The UK’s Balance Of Payments

John Redwood

writes “In 2019 the UK ran a trade deficit with the EU and a trade surplus with the rest of the world. The deficit in goods traded with the EU was particularly large, at £96.7bn. This large trade deficit has been going for many years during our membership. A trade partner like the US shows we are competitive on World Trade terms where we ran a surplus in goods as well as total trade. The US is our largest single export market, accounting for two thirds more export value than Germany, our largest market in Europe.

“Our trade deficit in food is particularly large with the EU where they enjoy tariff free access to the UK whilst the rest of the world faces some high tariffs on some important items. UK farming has suffered a loss of market share during our time in the EU.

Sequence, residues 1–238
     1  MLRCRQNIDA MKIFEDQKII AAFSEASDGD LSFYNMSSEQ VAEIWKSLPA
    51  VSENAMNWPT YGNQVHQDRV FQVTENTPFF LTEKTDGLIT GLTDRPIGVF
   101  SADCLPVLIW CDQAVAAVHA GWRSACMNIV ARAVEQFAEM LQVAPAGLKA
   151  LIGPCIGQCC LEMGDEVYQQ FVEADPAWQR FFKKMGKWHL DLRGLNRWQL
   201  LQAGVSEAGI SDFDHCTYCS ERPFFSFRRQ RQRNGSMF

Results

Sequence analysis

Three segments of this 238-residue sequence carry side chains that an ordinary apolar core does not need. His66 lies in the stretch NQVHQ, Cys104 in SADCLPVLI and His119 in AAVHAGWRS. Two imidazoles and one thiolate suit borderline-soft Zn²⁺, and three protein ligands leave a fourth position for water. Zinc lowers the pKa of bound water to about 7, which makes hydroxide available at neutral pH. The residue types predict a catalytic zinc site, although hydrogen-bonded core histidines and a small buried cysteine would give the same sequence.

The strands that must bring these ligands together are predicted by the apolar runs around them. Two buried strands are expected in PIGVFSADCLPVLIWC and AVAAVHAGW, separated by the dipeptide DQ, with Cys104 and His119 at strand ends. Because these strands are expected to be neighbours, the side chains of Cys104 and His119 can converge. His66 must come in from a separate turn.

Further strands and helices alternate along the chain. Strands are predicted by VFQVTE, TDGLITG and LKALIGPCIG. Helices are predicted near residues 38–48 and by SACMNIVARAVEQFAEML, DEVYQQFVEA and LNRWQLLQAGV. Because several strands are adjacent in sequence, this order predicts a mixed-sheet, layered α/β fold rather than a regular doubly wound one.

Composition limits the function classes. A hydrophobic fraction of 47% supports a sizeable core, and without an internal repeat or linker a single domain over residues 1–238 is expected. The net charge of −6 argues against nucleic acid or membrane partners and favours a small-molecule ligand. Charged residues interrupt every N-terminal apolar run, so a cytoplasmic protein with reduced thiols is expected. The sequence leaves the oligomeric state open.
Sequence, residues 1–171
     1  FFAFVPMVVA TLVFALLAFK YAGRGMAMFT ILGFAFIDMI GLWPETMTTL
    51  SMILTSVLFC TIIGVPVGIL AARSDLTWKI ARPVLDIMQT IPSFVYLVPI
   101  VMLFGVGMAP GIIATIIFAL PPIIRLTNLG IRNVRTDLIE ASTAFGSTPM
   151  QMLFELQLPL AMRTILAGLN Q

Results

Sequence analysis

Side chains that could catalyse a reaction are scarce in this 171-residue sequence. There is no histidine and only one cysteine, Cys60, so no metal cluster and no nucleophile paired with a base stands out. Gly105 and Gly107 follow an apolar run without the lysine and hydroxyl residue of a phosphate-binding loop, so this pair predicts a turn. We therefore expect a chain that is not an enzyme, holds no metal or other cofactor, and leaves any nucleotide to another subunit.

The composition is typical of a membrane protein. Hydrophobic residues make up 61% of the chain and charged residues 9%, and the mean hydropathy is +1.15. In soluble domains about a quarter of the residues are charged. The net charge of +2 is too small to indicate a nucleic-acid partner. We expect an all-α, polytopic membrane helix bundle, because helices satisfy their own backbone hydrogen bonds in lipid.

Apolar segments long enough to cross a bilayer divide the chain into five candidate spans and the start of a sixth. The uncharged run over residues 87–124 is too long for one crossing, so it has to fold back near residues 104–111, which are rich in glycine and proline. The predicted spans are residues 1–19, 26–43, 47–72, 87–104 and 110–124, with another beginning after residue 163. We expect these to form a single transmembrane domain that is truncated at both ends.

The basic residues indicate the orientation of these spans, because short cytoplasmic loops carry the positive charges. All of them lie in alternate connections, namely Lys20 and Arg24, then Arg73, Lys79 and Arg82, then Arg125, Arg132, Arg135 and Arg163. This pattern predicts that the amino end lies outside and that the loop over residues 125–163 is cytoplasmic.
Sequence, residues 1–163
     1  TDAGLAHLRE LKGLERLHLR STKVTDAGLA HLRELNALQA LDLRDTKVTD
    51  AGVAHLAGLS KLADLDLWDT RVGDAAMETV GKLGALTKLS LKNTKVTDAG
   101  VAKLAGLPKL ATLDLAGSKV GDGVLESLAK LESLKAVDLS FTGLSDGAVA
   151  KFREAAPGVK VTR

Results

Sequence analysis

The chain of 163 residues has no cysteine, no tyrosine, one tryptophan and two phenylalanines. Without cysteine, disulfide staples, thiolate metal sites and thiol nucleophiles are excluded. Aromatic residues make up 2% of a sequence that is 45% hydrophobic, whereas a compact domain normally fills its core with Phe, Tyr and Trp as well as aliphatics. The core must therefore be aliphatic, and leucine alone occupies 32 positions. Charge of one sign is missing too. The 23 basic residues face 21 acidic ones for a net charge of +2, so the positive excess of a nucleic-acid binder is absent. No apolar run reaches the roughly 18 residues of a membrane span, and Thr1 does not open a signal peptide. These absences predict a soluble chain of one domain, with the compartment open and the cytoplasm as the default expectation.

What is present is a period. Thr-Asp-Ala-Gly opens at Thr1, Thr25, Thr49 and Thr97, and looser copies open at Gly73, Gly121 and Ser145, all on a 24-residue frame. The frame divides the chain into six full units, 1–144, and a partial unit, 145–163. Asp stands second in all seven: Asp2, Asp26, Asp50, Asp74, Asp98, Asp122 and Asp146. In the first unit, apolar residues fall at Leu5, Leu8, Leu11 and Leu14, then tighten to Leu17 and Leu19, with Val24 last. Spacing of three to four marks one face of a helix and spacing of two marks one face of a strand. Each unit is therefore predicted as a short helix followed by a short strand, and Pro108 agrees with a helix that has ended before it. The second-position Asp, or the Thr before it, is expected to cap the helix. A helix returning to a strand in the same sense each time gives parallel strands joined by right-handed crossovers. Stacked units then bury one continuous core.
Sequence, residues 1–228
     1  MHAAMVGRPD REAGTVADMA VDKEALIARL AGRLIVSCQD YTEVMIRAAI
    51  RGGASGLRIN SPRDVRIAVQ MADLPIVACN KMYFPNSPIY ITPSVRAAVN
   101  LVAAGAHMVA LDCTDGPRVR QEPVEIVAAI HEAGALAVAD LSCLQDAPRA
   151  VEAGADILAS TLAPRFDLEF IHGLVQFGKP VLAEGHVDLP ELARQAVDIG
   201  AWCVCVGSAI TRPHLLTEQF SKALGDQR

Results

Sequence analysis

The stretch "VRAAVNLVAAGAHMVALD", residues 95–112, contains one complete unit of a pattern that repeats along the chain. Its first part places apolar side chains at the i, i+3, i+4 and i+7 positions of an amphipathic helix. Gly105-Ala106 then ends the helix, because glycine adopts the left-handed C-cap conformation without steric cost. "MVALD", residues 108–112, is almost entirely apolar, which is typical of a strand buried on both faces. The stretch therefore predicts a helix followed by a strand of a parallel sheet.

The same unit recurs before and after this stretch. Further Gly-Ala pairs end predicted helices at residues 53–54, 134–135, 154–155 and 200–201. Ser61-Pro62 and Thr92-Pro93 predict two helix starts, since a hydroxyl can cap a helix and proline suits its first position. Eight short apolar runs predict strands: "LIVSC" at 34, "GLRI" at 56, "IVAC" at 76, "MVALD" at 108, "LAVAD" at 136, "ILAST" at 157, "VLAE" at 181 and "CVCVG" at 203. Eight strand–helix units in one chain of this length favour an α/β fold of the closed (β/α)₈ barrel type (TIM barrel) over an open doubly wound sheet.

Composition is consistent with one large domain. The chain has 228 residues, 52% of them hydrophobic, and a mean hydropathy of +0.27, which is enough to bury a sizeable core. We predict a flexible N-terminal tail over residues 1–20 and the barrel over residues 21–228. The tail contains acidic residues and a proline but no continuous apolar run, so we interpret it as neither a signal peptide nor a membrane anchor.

“These large goods deficits need paying for, as they are debts incurred in a foreign currency. The UK has been selling off foreign assets to pay the bills. In 2019 the UK sold £165bn of foreign assets. We now run a deficit on investment income, as we have to pay a lot more interest and dividend out to foreign owners of UK assets than we receive on overseas assets owned by UK residents. The UK now has a net liability of £579 billion on investment account, following years of large trade deficits.

“This is why it will be good to regain control of our trade policy, and set out tariffs that make more sense for the UK. We need, for example, to help our consumers by taking tariffs off items we cannot grow or make for ourselves, and take tariffs off intermediate and raw materials needed for added value manufacture at home. We need to regain market share in areas like food to reduce the deficit. Being part of the EU single market, fishing and food policy has been bad for the U.K. economy”.

Why have we paid an annual EU membership fee, 2018 £8.9billion net, to become so poor?

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